Our customers come to us for help in navigating international markets. Things like mobile and social are increasingly part of driving traffic from everywhere. But when people say “social,” they still often mean “Facebook.” However, the reality is that in many markets, Facebook does not dominate the social scene. It’s catching up on a lot, but some markets are very specific and very different, particularly in Asia. We’ve actually put together a whole team of international marketing experts that put together marketing plans for our retailers including social. Primarily, most of our clients use social media to announce an expansion in a new country or to communicate with people in an area they’re becoming immersed in.
Our ability to directly drive sales by social for our retailers single-handedly wouldn’t be that great. By joining forces with a range of marketers and payment providers, and leveraging their presence and their brand, a lot of our guys have very well-developed social marketing models that they are following on different social media networks. The goal really is to be able to help them optimize that for international and in helping them to understand when is it different and how do I have to approach things differently when it’s not the same way I might approach Facebook in the U.S.
How do you approach the use of data? Are you able to compile actionable information for clients as to consumers’ shopping habits?
We’re extremely careful as you can imagine with complying with privacy. Any of the marketing that we’re doing, either directly or on behalf of our retailers where we’re reaching out to consumers, follows all of the different regulations within different countries. We’re Safe Harbor Compliant with the E.U., which is a great model for companies looking at managing privacy across multiple borders. Beyond that, we actually have a pretty good success rate with people actually expressly giving us permission to market either directly and also giving our retailers permission to market as well.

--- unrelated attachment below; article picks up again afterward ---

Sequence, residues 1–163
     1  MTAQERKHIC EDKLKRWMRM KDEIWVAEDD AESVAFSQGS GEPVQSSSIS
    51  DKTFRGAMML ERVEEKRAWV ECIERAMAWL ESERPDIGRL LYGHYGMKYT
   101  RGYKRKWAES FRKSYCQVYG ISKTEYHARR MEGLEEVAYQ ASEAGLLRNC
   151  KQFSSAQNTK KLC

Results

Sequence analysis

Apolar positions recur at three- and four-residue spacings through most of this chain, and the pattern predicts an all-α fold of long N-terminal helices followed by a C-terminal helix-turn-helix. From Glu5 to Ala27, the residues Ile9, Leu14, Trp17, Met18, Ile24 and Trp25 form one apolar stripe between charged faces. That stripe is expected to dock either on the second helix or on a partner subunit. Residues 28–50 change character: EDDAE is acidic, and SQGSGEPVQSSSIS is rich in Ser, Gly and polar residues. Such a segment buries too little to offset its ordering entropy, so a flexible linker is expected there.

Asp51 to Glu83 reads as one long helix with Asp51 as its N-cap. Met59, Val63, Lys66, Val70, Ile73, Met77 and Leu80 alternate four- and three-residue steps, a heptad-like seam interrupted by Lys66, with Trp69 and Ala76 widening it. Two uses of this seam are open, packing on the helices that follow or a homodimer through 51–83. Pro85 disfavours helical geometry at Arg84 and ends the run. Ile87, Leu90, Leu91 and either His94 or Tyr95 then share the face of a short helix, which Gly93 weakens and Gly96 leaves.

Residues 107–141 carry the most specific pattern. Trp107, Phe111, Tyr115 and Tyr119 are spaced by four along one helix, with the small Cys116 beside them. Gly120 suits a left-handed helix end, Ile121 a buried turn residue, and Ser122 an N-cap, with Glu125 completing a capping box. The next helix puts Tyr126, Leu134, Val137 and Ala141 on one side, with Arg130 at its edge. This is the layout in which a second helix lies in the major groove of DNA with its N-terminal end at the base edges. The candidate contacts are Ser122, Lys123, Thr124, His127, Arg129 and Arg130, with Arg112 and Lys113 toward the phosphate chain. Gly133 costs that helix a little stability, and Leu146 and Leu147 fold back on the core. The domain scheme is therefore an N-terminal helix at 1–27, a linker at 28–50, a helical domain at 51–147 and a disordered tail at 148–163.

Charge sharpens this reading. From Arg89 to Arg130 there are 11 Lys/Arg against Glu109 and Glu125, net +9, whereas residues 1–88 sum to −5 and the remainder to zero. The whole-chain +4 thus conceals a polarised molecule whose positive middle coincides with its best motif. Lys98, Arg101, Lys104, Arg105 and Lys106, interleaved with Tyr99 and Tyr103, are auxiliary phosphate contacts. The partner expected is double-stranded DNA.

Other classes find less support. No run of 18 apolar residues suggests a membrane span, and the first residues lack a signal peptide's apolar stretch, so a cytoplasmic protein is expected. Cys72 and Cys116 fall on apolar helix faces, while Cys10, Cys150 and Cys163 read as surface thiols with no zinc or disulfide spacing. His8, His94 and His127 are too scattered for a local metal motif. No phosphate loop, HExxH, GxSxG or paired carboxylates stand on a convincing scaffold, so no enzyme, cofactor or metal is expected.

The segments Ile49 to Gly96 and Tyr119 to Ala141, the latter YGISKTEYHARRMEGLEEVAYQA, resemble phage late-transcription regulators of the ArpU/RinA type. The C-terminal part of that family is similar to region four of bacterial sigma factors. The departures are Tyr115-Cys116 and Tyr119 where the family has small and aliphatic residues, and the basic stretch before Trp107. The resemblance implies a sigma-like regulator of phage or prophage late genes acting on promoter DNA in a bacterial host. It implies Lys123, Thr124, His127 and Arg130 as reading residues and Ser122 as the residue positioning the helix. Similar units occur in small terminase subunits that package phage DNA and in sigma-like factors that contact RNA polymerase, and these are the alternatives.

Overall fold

The ability to leverage our data to be able to identify where the pockets of opportunity are, is important to us. We can tell what someone is selling, to whom, from where, when, and how can they can optimize the sales data, the conversion, lifetime value, all of those things. That’s all data that sits inside those uploads that we have and we’re analyzing and crunching and then going back to our retailers with a great deal of intelligence.
One of our big pushes going in to 2013 involves developing deeper client marketing strategy offerings. The question we’re attempting to understand is how does a retailer market, not just how do they advertise? In other words, how does a retailer select affiliates that are appropriate for the type of merchandise that they sell? What brands should they feature when they’re doing those types of things? That is something that we’re investing heavily in on the technology side. Because of where we sit in the transaction, we do have a view of the consumer across tons of transactions that might be from different retailers and makes us able to draw instances from that.
The holiday shopping season has begun strongly, particularly in terms of e-commerce and Cyber Monday. What have you seen so far and what are the expectations?
This holiday season is off to a screaming start or at least a screaming middle I guess we’re kind of in. We just hit peak. Our peak for incoming orders is very much like what you see in U.S. retailers. Black Friday was our biggest day of the year. It was what we expected. We have one more peak around the 10th of December, which is when delivery in time for Christmas cut-offs. Canada is our latest shipping deadline obviously because we can truck that stuff in to Canada and get there fairly quickly. Like a lot of U.S. retailers, we tend to see another big spike again in January, with people spending gift card money and then it really quiets down in February.